Have you ever thought something like that?
What if I told you that you're a lot closer than you think?
In this article, I will dissect what it actually means to think directly in a foreign language, and demonstrate to you that it is not only attainable, but you're already doing it!
1. Self Talk
This comes first and foremost with anything we want to accomplish. What are the words you are currently using to describe your English and your English goals?
Are you using phrases like, "I would like to think in English." "That would be the dream." "If I could..." "I want to, but..."?
Before reading the next line, read the phrases above one more time, and observe what you notice about these expressions. What do they have in common?
They are doing one of two things:
- They are focusing on the problem instead of the solution.
- They are talking about the solution as if it were a hypothetical (not real) imaginary situation.
How many accomplishments have you achieved in your life that you're proud of which are a result of focusing on what you CAN'T do?
Don't think too hard. You probably won't come up with any.
The importance of how we talk to ourselves and the words we use can not be overstated when it comes to creating the results we want.
You want to speak English fluently? Tell yourself you can.
You want to think directly in English? Tell yourself that it has already happened and be thankful for it.
Nothing good happens by telling yourself you can't do something or by making excuses.
Instead, use this sentence pattern.
"I'm so happy and grateful now that ___________."
For example, "I'm so happy and grateful now that I can finally think directly in English."
- Make this sentence short so that you can say them to yourself without much thinking effort.
- Write it down and carry it with you.
This will fire connections to your brain as you touch the card as you're looking at that just simply
imagining the card will not do.
- Write it down and carry it with you.
- Say it out loud.
When we say things out loud, they become real to us because we literally hear them with an audible
All English is not created equal, just like all art is not created equal. This goes with any skillset.
If you want to get better at drawing hands, you probably won't spend hours practicing sculpting hands out of clay. You'll draw hands in different positions. If you play football and you're a goalie, you're probably not going to spend time perfecting your penalty kicking. You'll probably practice people kicking penalty kicks on you.
Practice what you want to improve. Period.
If you want to improve your reading and vocabulary, read more. If you want to improve your writing, write a diary or blog post every day. If you want to get better at conversation and speaking... study conversation and speaking.
Listening skills are directly related to speaking skills. This gives you a sense of the rhythm of our speech, the words and expressions we use in spoken language, and the general timing in a conversation or speech. These are all essential skills to be able to truly improve your speaking in another language.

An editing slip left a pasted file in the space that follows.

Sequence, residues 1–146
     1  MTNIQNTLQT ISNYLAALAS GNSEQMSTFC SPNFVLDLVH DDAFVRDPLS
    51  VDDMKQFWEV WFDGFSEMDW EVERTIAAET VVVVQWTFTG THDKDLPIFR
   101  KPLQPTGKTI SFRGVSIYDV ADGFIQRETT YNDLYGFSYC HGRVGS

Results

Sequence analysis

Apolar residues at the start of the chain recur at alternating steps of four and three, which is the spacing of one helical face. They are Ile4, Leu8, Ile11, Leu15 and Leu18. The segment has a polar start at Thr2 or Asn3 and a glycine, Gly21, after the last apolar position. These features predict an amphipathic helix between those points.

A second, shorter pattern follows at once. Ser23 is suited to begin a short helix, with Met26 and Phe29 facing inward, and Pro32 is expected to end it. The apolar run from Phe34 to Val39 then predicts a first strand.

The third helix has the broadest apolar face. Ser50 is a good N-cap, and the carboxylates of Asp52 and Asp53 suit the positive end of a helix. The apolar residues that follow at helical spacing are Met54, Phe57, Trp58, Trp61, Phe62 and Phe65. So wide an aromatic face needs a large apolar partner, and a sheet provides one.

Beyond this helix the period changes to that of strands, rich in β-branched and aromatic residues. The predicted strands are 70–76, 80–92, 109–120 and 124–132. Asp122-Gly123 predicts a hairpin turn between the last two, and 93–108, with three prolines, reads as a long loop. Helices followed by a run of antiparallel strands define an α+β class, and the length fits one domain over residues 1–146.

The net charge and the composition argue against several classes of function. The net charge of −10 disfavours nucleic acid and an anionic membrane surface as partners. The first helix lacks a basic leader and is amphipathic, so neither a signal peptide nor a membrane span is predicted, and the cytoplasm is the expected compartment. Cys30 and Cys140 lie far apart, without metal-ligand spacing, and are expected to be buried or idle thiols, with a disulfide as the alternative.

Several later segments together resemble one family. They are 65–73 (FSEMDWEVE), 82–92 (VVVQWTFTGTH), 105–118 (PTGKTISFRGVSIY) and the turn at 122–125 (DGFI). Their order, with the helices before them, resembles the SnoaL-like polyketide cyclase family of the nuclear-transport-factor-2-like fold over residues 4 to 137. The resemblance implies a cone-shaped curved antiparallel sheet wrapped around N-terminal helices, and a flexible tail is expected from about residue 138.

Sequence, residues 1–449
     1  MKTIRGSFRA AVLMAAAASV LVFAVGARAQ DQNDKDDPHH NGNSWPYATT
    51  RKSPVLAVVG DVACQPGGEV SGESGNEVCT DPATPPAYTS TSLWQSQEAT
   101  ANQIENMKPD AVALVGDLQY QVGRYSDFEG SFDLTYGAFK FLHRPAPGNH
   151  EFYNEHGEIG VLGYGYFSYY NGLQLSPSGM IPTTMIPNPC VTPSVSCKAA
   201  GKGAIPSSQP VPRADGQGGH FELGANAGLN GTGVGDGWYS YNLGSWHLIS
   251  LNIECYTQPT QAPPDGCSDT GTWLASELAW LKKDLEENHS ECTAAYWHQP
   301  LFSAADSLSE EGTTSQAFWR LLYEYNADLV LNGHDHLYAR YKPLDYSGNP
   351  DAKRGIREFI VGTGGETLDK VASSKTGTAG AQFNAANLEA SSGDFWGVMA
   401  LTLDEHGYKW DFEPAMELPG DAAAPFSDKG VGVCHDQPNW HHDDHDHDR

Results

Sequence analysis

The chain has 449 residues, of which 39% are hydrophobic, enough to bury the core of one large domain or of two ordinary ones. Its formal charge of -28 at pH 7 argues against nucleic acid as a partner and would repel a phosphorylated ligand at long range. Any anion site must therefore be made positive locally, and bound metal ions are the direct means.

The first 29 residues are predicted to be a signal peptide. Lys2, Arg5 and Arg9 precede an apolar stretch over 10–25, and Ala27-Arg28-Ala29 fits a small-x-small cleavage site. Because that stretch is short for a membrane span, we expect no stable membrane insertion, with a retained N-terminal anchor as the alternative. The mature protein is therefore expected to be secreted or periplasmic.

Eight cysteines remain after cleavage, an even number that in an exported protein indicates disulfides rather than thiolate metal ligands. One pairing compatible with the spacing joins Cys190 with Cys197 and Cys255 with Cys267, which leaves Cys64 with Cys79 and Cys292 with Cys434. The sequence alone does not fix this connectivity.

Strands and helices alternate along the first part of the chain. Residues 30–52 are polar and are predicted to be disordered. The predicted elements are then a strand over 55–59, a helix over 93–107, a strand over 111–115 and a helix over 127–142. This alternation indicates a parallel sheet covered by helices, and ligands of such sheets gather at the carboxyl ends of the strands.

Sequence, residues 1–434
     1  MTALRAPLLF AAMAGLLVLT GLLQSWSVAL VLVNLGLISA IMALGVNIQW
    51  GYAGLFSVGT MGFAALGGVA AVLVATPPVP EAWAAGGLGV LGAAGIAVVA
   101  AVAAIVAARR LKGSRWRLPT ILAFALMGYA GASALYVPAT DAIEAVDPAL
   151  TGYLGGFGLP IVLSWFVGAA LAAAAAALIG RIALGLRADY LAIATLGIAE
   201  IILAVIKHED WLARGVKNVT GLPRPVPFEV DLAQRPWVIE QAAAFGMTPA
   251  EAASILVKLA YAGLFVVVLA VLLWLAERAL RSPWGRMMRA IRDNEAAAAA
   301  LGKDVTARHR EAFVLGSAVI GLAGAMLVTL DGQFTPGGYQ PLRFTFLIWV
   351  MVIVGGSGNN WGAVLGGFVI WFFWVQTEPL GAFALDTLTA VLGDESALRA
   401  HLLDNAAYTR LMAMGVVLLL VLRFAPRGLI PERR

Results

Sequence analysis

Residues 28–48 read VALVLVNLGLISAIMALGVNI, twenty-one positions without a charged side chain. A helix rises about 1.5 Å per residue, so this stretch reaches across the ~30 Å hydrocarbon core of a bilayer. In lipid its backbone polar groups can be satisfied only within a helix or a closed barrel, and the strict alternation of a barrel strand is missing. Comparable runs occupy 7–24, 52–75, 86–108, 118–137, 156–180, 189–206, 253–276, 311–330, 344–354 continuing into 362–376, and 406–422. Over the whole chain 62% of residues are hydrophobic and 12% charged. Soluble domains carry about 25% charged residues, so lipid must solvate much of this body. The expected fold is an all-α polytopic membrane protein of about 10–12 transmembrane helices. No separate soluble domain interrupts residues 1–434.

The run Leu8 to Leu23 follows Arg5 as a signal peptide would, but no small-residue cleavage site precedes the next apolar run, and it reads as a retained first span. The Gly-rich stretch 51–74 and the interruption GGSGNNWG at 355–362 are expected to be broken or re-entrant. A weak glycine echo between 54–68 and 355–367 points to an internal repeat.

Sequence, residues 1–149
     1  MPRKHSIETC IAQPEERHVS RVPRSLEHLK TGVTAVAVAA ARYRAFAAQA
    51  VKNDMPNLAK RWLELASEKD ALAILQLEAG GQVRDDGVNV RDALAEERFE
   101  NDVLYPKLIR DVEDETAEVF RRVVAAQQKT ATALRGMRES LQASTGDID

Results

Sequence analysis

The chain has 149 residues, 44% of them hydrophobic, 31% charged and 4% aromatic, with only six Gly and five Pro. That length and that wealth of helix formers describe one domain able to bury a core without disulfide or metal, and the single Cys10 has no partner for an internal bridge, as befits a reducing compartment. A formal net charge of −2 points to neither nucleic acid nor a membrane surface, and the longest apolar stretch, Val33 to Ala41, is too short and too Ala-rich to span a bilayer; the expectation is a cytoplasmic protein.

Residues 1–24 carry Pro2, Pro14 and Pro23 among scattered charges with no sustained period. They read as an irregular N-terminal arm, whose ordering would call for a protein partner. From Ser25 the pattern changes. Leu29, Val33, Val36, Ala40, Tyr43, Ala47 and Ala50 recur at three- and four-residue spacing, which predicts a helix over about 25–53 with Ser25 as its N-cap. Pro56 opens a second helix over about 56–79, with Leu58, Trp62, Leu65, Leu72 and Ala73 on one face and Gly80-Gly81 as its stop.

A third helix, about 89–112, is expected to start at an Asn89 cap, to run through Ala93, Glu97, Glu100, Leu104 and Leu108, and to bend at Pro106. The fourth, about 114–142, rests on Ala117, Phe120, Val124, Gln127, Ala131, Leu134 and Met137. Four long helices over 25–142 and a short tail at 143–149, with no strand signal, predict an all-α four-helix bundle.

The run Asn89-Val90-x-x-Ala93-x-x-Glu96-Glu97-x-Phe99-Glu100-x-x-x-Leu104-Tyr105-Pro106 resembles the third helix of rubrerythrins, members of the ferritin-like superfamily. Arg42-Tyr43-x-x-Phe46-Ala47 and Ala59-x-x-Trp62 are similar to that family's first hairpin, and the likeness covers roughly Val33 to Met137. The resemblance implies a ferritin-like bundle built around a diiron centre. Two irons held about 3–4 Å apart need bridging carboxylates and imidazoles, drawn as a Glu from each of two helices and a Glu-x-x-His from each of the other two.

Otherwise, you're just improving your general language skills... which is good... but it won't get you any closer to your goals of mastering this language from the inside out.
The more consistently you perform concentrated practice of the desired skill (in this case, we're talking about thinking and speaking in English), the more it will become second nature as you you form your new habit.
3. The Big Realization
The most important thing I can share with you right now about thinking directly in English is... you're already doing it!
Think about it. I'm positive that you do NOT automatically translate everything in your head before you speak in English. For example, "Yes, I do."
If you're thinking that, do you translate those words from your language? Probably not.
If you're talking about routine things in a foreign language, do you have to translate in your head? Probably not.
Sure, some complex or new sentence structures, you'll probably have to do some translation or think in your grammar first. Of course.
But this is different.
The point is that you are probably fixated on the idea that you have to constantly translate in your head. CONSTANTLY?
This goes back to the first point that we discussed above. What you say to yourself is important.
The sooner you can get past this limiting belief of "constantly having to translate in my head" to realizing and celebrating the times that you DON'T have to, the sooner you can move onto the next sentence structure or specific example when you are translating and attacking only that specific case.
Tackling a single case or example at a time is much easier and energy efficient that trying to "stop translating in my head."
If you would like specific help identifying a certain weakness or mapping out a plan for you to follow, book a call with our team and let's chat. We will ask you some very specific questions and gauge your goals and discuss what you will have to do to achieve the goals.
There will be no pressure to buy anything in this call, we want to offer you the best options possible for you to finally reach your English-learning goals this year!